I’ve never been big on using hashtags on Twitter. I find that hashtags confuse novice twitter users and are seldom used correctly. More often than not, they create a spammy, incoherent tweet. How many times have you seen posts like this?
@AmateurTweet Currently #plotting my next #romance #novel. Excited about the new #story. #amwriting
Hashtags are meant to serve as labels or markers so people can connect with other users discussing the same thing. On Oscar night, I always follow #oscars to see what other people are saying about Meryl Streep’s speech or the film that was robbed of Best Picture. Every Monday, Wednesday and Friday 4-5pm EST, there’s a Literary Tweet Chat that you can participate in by using the hashtag #litchat. This is a great way to connect with people discussing a similar subject and to build your social media following.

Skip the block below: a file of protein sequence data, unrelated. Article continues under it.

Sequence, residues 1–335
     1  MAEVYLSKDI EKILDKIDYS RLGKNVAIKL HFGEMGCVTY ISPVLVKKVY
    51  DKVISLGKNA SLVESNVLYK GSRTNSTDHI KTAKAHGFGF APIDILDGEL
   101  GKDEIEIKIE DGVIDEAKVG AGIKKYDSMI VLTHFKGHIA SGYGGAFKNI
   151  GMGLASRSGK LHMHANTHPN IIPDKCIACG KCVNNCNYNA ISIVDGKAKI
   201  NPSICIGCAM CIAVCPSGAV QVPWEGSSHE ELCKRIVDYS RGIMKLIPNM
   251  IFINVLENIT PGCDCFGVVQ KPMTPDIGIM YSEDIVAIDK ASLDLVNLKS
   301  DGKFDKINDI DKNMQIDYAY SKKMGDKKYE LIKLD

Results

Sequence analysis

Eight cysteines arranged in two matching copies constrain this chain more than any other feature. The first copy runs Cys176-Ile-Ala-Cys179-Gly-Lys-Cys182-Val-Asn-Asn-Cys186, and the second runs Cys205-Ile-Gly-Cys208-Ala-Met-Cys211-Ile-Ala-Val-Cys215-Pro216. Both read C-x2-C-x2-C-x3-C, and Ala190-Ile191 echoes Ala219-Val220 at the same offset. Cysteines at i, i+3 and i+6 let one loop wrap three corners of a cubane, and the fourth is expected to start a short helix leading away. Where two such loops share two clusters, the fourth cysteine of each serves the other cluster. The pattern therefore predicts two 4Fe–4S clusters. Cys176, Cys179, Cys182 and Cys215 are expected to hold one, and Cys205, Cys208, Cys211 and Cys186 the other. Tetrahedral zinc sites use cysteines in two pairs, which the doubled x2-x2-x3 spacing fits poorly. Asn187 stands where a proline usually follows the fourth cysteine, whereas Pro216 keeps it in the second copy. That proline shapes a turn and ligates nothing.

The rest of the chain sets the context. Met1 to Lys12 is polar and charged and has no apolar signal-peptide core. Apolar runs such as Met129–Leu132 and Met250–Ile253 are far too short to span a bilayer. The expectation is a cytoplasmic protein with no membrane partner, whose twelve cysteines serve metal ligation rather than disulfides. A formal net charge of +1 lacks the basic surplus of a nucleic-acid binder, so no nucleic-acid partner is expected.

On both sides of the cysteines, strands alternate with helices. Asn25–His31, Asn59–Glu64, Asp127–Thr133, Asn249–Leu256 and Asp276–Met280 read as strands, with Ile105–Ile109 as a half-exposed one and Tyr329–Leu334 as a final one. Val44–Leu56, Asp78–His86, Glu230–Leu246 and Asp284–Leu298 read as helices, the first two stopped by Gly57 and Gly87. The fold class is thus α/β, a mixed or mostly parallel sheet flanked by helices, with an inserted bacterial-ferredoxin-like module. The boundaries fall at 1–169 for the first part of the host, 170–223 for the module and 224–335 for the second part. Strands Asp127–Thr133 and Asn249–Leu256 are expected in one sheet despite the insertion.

Unsure of how to get started? I’d recommend perusing a few of these helpful websites:
- Hashtags.org allows you to plug in various hashtags and see how often they’re being used, who is using them, and how they’re trending over time. There’s no use tacking on #writing to every post if no one is searching for that hashtag.
- What The Trend offers reports of the top trends and hashtags. Discussing a trending topic increases discoverability and builds your online following.
- Publishing Talk ran an article titled, Ten Twitter Hashtags for Writers. Using these could be helpful in connecting with other writers.
- The Writer’s Guide To Twitter offers a schedule of writing related Tweet Chats. Participating in these conversations increases your discoverability, helps you connect with other writers, and I’ve seldom participated in a Tweet Chat where I didn’t learn something.
As with anything, I recommend watching before posting. Follow #litchat in the afternoon and see how it’s used. During a big event like the Super Bowl or Academy Awards, follow the hashtag and see how it’s used. The last thing you want to do is start posting like @AmateurTweet.